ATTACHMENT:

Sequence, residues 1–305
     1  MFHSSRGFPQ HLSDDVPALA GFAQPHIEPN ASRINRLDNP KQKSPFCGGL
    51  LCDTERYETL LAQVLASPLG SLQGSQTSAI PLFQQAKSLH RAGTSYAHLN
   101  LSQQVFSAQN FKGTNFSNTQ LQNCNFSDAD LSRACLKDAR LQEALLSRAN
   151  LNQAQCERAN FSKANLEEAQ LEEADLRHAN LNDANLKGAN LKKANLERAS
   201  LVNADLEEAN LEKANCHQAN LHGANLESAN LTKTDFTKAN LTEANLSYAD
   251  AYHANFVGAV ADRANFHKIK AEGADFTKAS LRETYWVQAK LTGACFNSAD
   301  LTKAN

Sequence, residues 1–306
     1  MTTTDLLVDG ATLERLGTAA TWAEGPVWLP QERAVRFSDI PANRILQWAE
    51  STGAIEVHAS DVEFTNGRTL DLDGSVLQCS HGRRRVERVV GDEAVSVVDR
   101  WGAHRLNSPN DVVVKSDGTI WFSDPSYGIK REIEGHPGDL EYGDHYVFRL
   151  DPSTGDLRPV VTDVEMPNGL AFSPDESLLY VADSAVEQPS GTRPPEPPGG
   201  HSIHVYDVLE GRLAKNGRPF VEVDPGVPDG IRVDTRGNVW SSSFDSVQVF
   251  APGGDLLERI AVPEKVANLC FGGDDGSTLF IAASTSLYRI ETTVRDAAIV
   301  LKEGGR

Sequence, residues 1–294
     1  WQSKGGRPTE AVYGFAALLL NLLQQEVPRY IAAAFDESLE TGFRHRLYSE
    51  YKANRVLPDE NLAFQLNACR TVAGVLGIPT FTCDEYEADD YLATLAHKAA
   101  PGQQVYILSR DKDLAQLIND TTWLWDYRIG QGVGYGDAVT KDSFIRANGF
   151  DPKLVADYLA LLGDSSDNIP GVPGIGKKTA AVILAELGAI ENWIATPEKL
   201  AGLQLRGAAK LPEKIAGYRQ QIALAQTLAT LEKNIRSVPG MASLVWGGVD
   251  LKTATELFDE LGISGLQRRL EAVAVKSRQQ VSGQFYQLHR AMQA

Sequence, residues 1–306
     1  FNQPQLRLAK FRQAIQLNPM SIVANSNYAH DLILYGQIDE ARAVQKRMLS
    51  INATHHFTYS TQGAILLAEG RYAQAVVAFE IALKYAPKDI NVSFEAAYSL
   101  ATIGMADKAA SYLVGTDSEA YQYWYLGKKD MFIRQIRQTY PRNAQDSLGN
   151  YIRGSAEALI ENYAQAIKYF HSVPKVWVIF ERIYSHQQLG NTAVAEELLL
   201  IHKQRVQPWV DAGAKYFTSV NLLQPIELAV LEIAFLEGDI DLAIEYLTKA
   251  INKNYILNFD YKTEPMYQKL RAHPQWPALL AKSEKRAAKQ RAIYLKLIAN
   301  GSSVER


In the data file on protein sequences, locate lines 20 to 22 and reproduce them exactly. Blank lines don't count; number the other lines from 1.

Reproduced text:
   101  PGQQVYILSR DKDLAQLIND TTWLWDYRIG QGVGYGDAVT KDSFIRANGF
   151  DPKLVADYLA LLGDSSDNIP GVPGIGKKTA AVILAELGAI ENWIATPEKL
   201  AGLQLRGAAK LPEKIAGYRQ QIALAQTLAT LEKNIRSVPG MASLVWGGVD